Friday After Next (2002): Written by Ice Cube and directed by Marcus Raboy, the third Friday movie again was rejected by critics and embraced by the audience that it was made for. It starts on Christmas Eve as a thief breaks into the home of Craig (Cube) and Day-Day (Mike Epps), stealing everything they’ve bought for their family and friends. Also — the rent is due and if they don’t get it soon, their landlady is going to unleash her just released from jail son Damon (Terry Crews) on them and in a violently loving fashion, if you get what I’m saying.

The setting in this sequel moves from the suburbs to a strip mall, a place where their fathers — Willie (John Witherspoon) and Elroy (Don D.C. Curry) — have started a BBQ place so good you’ll slap your mother. It’s also where Money Mike (Katt Williams) and his main girl Donna (K.D. Aubert) have started the store Pimps and Hoes.

Obviously, by the third movie you’re just hoping for more hangout time with the leads and less expecting a groundbreaking effort. That said, this is a goofball bit of harmless fun, a good holiday movie to throw on if you’re sick of the same films every December and makes me hope that we get one more of these movies.

Somehow, I never saw a single one of these movies before, but I must confess, they made a nice break this week, a breezy bit of fun and light laughs in the midst of dark times.

MILL CREEK BLU RAY RELEASE: The Skulls, The Skulls II and The Skulls III (2000, 2002, 2004)

The Skulls* (2000): Sure, it’s set in Yale, but that’s Toronto, but otherwise, this is about the Skulls and Bones Society but they’re called the Skulls. Far be it from me to say it’s disinformation, but writer John Pogue (U.S. MarshallsRollerball and the just finished under the radar reimagining of Eraser; he also made Quarantine 2: Terminal and Deep Blue Sea 3) went to Yale, so either he knows something or he just lucked into three movies out of this idea.

Lucas John “Luke” McNamara  (Joshua Jackson) grew up an orphan on the wrong side of the tracks but he still made into Yale on a rowing scholarship which is totally a thing. His only friends are his girlfriend Chloe (Leslie Bibb) and his friend Will (Hill Harper), yet he’s still invited to join one of Yale’s secret societies, the titular Skulls, and made a soulmate with Caleb Mandrake (Paul Walker), a legacy whose father Judge Litten Mandrake (Craig T. Nelson) is still very involved in Skulls business, along with Senator Ames Levritt (William Petersen) and provost Martin Lombard (Christopher McDonald, who is, always, Shooter McGavin).

As you can imagine, the Skulls are so connected that they run the cops, the courts, the government, pretty much anywhere rich people are. They kill Will when he gets too close to exposing their secrets and is killed, which pits Skull brother against Skull brother, Skull father against Skull son and Skull boyfriend against non-Skull girlfriend.

Director Rob Cohen didn’t go to Yale, but he did go to Harvard and Amherst. He followed this movie up with The Fast and the Furious and XXX, so maybe he did have something to do with that whole secret society making its members wealthy thing. Then again, he followed those up with Stealth and The Mummy: Tomb of the Dragon Emperor, so maybe he wasn’t in all that tight.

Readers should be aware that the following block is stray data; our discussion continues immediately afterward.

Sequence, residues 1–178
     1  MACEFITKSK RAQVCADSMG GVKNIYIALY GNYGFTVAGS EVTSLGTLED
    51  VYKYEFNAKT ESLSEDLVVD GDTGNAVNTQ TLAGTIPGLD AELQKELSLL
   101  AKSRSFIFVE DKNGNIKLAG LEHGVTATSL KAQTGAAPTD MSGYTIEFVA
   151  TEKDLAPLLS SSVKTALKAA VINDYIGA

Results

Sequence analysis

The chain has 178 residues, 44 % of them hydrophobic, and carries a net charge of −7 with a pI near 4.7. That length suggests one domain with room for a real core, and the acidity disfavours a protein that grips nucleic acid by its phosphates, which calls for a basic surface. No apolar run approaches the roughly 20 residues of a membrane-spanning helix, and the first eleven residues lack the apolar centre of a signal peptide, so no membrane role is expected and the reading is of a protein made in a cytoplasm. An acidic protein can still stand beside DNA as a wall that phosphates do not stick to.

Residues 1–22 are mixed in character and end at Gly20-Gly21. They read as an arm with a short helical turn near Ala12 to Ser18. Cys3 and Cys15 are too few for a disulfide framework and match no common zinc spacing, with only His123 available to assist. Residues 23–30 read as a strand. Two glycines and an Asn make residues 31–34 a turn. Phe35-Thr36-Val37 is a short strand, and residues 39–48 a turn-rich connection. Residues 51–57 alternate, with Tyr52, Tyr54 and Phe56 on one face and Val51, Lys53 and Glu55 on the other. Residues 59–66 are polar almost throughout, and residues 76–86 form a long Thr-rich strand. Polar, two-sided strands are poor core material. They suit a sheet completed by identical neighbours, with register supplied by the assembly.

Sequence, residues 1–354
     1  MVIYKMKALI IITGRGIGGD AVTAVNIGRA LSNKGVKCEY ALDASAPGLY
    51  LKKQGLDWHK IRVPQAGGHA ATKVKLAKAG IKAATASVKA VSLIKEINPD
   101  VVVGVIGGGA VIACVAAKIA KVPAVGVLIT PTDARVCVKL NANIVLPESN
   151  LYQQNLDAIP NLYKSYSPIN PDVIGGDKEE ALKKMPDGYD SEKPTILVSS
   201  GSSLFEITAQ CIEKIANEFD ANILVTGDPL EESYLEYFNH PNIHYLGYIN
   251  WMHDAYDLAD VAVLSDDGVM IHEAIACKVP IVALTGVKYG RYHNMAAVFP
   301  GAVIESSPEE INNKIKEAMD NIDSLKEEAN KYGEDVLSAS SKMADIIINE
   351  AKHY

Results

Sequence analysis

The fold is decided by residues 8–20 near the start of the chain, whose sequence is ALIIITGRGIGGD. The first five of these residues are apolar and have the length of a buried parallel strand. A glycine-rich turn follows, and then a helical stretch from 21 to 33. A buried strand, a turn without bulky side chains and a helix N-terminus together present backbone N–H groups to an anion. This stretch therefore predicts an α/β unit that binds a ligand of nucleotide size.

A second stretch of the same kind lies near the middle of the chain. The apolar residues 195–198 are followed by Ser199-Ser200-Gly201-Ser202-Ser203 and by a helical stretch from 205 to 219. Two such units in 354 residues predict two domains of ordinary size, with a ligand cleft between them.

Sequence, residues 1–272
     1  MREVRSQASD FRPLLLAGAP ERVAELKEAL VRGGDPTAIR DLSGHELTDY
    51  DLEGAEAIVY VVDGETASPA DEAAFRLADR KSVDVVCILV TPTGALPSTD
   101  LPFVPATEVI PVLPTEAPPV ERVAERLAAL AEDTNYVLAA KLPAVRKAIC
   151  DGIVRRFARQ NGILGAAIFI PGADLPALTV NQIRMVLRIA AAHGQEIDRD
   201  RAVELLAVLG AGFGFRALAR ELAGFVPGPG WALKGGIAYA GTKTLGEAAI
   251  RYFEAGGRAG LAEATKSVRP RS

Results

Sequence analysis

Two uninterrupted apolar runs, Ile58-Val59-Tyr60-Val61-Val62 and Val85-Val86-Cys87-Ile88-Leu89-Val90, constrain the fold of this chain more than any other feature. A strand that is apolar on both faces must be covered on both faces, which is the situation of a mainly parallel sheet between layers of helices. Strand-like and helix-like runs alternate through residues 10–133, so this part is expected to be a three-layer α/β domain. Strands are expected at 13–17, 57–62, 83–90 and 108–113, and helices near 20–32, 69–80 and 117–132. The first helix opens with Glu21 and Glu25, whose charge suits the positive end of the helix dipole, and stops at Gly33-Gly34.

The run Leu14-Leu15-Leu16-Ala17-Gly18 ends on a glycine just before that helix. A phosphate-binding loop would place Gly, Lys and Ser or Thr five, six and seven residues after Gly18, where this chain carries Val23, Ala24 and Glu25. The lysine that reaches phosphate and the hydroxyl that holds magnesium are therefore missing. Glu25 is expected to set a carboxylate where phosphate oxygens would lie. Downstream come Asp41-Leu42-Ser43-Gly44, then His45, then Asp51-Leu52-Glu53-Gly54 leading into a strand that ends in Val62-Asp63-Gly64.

Also, if you ever saw the 1970 TV movie The Brotherhood of the Bell, you may have already seen this movie.

*You can read our original review of this movie here.

The Skulls II (2002): Joe Chappelle is well-regarded for episodes of CSI: NYCSI: Miami and The Wire, but he made this back in 2002, a direct-to-video sequel to the original movie.

Star Robin Dunne, who plays Ryan Sommers, seems to take over for Joshua Jackson in direct-to-video sequels, what with him showing up in Cruel Intentions 2 (and yes, I own it; I am a self-professed sequel lover). He and his best friend Jeff (Christopher Ralph, who was in the Animorphs series) get picked for the Skulls; Jeff is super down, Ryan less so as his older brother Greg (James Gallanders) was a member and it’ll take time away from his demanding girlfriend Ali (Ashley Tesoro).

Ryan and Jeff are punished when a prank goes wrong and end up cleaning the attic of the Skulls’ headquarters, which gives them the perfect view to see senior Skull member Matt “Hutch” Hutchison (Aaron Ashmore) and field hockey team captain Diana Rollins (Margot Gagnon) partying on the roof and that party ends with her falling to her death. But is it real? Or just another part of the initiation?

Ryan’s research ends up taking him to the parents of Will Beckford from the first film who reveal how the Skulls killed their son. Then, his brother is fired from his lawyer job (do the Skulls own The Firm?) and Ali accuses him of assaulting her. Luckily, he can trust Kelly (Lindy Booth) and the two of them — along with Greg — work to undermine the secret society.

This movie may have been Michele Colucci-Zieger’s only writing credit, but her co-writer Hans Rodionoff wrote the two Lost Boys sequels (I have no idea how I haven’t gotten to those yet) and Deep Blue Sea 2.

The Skulls 3 (2004): Taylor Brooks (Clare Kramer, Glory from Buffy the Vampire Slayer) is a legacy of the Skulls, as her father Martin (Karl Pruner) and dead brother were both members. Now, she wants to challenge the group and be the first female member, which is a great hook for the story as it’s literally an old boy’s club.

This whole thing has a kinda, sorta giallo structure in that we see the cops trying to solve the case as we arrive in the middle of the story and see flashbacks. Her boyfriend Ethan (Shaun Sipos) also tried to join and was just plain embarrassed that a woman would try to join, so she decides that she totally has to join and I’m all for it.